Thanksgiving Day, 1950-Something

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We tend to lump our childhood memories together into compartmentalized categories, categories we look back on through glasses of varying hues. Many of these overlap, so that the time you lived in the grey house with the big tree in the yard mingles with the time you went to that red brick school with the nice teacher and the nasty coach, even though in reality those two things were in separate towns, and both are confused with the period when your best friend lived across the street, and that memory in turn is erroneously conflated with memories of making gingerbread men, even though you know you’ve somehow got the timing wrong.

It doesn’t matter. Childhood memories are not historical fact, nor should they be. Instead, they are ways of lending coherence and continuity and understanding to a time when all the world was bright and new, a time when magic could be found in the mundane, and adventure lurked around every corner, just one tree branch higher, across one more street or under one more fence, or in that little creek, behind that hay bale, in that dark and mysterious wood, that corner of the barn.

So in one of my categories, Thanksgiving, we lived forever in Washington, DC in a big, old-fashioned, haunted house that really was across the street from my best friend, but every Thanksgiving was celebrated in Baltimore at the home of Uncle Bill and my father’s sister, Aunt Kitty. Their house was a vast, shingled, porch-and-column affair in Roland Park, a planned “streetcar” neighborhood (there were still streetcars in that long-ago) of tree-shaded lawns, and traffic-free streets and fallen leaves where my cousins and I would play football or tag or other nameless games, loud and shrill in the Indian-summer warmth, because the weather was always lovely and redolent of wood smoke on Thanksgiving back then. It was a Federal law the weather be lovely, a very sensible law intended to give grownups a little peace and quiet.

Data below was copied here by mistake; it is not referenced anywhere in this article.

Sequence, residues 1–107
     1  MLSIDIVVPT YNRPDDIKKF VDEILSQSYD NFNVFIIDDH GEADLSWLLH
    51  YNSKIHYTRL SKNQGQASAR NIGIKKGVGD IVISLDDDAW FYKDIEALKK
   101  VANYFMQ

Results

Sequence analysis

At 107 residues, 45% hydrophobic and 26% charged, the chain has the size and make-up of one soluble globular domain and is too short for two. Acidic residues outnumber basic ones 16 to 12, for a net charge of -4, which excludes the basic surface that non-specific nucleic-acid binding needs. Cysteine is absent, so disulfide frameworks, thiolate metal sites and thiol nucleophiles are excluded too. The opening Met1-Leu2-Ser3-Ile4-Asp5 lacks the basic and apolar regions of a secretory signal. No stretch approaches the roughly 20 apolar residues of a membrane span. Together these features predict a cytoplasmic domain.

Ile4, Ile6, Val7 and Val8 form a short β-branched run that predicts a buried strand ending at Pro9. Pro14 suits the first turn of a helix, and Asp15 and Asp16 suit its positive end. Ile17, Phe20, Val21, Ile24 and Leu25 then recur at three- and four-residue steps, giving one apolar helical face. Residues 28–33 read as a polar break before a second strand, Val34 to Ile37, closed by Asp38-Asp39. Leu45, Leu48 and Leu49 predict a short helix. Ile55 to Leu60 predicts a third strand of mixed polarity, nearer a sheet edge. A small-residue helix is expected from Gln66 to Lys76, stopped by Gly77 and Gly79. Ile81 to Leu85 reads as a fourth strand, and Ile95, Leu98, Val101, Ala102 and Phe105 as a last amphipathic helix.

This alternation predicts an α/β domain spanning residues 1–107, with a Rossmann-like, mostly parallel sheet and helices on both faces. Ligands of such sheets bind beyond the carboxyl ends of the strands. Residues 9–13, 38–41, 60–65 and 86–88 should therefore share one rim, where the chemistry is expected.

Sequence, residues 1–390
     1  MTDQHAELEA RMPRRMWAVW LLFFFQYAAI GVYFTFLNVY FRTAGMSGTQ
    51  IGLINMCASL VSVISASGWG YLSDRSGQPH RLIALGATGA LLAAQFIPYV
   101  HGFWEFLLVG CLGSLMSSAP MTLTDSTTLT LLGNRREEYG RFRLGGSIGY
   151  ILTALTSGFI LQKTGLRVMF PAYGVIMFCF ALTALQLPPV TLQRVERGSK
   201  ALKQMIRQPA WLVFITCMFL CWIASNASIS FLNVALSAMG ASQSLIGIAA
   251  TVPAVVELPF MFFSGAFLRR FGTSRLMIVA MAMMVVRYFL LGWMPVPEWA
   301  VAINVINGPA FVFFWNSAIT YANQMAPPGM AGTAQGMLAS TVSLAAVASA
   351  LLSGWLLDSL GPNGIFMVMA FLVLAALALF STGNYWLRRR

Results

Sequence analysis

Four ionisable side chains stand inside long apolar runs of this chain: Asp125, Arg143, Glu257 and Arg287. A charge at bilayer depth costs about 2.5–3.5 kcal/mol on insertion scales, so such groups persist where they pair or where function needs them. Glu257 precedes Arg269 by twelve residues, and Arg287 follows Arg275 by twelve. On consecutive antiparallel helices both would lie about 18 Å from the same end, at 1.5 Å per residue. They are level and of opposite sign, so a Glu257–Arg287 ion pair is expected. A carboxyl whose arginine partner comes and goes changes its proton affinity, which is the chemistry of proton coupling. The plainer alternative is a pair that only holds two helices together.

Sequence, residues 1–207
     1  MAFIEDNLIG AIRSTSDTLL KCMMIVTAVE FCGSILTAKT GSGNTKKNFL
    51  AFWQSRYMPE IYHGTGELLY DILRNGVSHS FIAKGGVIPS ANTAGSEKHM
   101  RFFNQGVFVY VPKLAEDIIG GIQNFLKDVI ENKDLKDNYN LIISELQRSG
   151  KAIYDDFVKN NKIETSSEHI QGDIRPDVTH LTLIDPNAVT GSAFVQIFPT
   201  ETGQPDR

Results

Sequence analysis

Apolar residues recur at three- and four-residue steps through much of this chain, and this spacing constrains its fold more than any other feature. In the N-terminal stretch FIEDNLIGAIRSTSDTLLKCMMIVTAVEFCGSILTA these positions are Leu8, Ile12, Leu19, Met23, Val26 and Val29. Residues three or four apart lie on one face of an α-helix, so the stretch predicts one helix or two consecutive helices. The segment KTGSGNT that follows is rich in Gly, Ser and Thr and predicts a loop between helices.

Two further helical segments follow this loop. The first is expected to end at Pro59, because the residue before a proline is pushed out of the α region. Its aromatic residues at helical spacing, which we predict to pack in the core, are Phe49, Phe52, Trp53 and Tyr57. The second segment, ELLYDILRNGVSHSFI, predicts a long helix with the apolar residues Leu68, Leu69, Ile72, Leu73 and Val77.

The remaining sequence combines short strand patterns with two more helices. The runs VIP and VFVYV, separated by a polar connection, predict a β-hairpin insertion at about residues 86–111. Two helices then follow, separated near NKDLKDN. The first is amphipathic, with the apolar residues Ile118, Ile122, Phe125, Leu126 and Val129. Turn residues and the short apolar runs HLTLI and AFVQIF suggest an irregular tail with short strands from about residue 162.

There were four cousins, all adored in equal measure, though in my heart of hearts it was Kathy who was my favorite, while “T” was my hero. Kathy was closest to me in age, so that was to a certain extent a natural pairing of two similarities, while “T” possessed a wild self-confidence and athleticism that made him a towering and compelling figure in the improvised games that swept across the lawns and streets, and up and down the back stairs until an authoritative voice ordered us all out again. (Grownups are so strangely immune to the imperious call of blue sky and green grass and dead leaves; but I’ll never be like that when I grow up.) Billy was the oldest, and Ellen the youngest, with my sister Judith and I falling in between, so that there was someone for everyone, no matter what the activity. And that strange intimacy between us all, as if the year’s interlude were just an afternoon apart, a weekend’s absence between games. No need to catch up, just grab the football and let’s go.

It wasn’t only wild games. There were also quiet times, sitting on Kathy’s bed with her and Ellen, talking—what did we talk about? The Hardy Boys? Nancy Drew? And even quiet times with the grownups, for I have a vivid memory of my Aunt Kitty, the prettiest girl ever to be born in Baltimore, pointing out the seashells she and Uncle Bill collected on their forays to Sanibel Island in a far off place called Florida, seashells lovingly arranged in a class-topped coffee table in a room that in my memory was a wall of glass where the sunlight always streamed in regardless of the weather conditions. I sat on the sofa next to Aunt Kitty, so beautiful, so nice, so sweet-smelling, as she named the shells one by one. Where are they now, those collected memories?

And other more docile memories: the kitchen, presided over by an ancient, white-haired lady whose name has now vanished from my memory as finally as she has from this world, presided over too by her ancient Dachshund, both of them occupying a position somewhere between employee and family member, a position as common and easy and natural in that day as it is incomprehensible in today’s world. The chain-link kennel just at the bottom of the kitchen porch steps where Uncle Bill’s amiable black Labrador retriever was contained as too rambunctious to be considered a house dog. Her name I remember well. She was Stran, Aunt Kitty’s middle name, a name chosen optimistically and unsuccessfully by Uncle Bill in the fond hope it would allow her—the dog—to come into the house, muddy paws and drumming tail and wriggling body and all. It never worked, and it was the only thing about Aunt Kitty I found incomprehensible, as our dog, our one-eyed Boxer, lived not only in the house, but mostly on my bed.